Investigation of peroxidase activity of human cytochrome c mutants
The textbooks of biochemistry have painted a picture of cytochrome c only being involved in the electron transfer chain for 100 years, but the mitochondrial haem protein also plays important roles in the intrinsic apoptosis pathway. Cytochrome c acquires a new function during apoptosis; peroxidase activity, leading to peroxidation of cardiolipin (a mitochondrial phospholipid) which is proposed to be a required step in the intrinsic apoptosis pathway. The overall aim of this thesis was to better understand the peroxidase function of cytochrome c by studying mutant forms of the protein. Mutations of cytochrome c causes thrombocytopenia (low platelets). The molecular mechanism underlying the phenotype is unknown. Three cytochrome c mutations have been reported, G41S, Y48H, and A51V. All mutations occur in a surface Ω loop (residues 40-57). Our lab has previously reported that the naturally occurring G41S cytochrome c and a recombinant G41T cytochrome c variants have increased peroxidase activity. Additionally, newly identified naturally occurring mutations, Y48H and A51V cytochrome c, also manisfested increased peroxidase activity. The underlying mechanism of increased peroxidase activity is unknown. This thesis aimed to investigate the peroxidase activity of cytochrome c by addressing two aims. Firstly, by understanding how the mutations of cytochrome c alters the peroxidase activity. Secondly, by determing the relationship between the peroxidase activity and cardiolipin oxidation. Native cytochrome c is a poor peroxidase because its iron atom is hexacoordinated. It is proposed that loss of the coordination between the iron atom and Met80 is necessary for the commencement of the peroxidase activity. Absorbance spectroscopy, mass spectrometry and high-performance liquid chromatography techniques were used to monitor the kinetic behaviour of the haem coordination of Gly41 cytochrome c variants during the peroxidase reaction. The peroxidase reaction catalysed by the cytochrome c variants consists of a slower initial rate followed by a faster steady state rate. The difference between the initial and steady state was significantly greater for the mutations of cytochrome c. Our results demonstrate that mutation of residue 41 to Thr or Ser resulted in a specific oxidation of Met80 with the amount of Met80-SO species formed is consistent with the impact of each mutation on the peroxidase reaction rate (G41T>G41S>WT). The interaction of cytochrome c with cardiolipin in liposomes causes a conformational change in cytochrome c, stimulating its peroxidase activity. Our results show that the cytochrome c variants differ in their ability to bind to cardiolipin-containing liposomes and mitoplasts, resulting in differences in cardiolipin-dependent stimulation of peroxidase activity. Moreover, using mass spectroscopy to analyse lipid oxidation, cytochrome c-catalysed oxidation of cardiolipin was dependent on liposome composition and on the reaction conditions. In addition, when cytochrome c-depleted mitoplasts were used, minimal cardiolipin oxidation was detected. Although the cytochrome c variants are a better peroxidase under in vitro conditions, the relevance of this to cardiolipin oxidation in vivo during apoptosis is still questionable. Thus, the results described in this thesis opened an interrogative role of cytochrome c as a peroxidase in a mitochondrial environment.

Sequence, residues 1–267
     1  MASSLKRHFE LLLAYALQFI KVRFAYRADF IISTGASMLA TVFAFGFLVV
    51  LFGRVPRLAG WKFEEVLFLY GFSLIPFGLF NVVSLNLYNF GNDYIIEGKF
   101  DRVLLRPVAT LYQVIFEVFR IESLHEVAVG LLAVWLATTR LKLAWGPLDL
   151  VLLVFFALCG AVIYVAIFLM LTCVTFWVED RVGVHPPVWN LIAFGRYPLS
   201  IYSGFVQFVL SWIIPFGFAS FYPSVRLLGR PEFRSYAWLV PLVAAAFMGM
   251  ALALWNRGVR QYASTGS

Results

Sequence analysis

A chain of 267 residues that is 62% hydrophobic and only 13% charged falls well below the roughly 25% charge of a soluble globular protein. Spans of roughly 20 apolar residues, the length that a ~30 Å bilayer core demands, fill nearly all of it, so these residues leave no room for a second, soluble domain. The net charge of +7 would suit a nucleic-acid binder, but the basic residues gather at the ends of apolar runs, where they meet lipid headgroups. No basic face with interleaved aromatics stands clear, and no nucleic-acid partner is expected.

Advisor: Ledgerwood, Elizabeth; Jameson, Guy
Degree Name: Doctor of Philosophy
Degree Discipline: Biochemistry
Publisher: University of Otago
Keywords: Cytochrome c; Cardiolipin; Peroxidase activity
Research Type: Thesis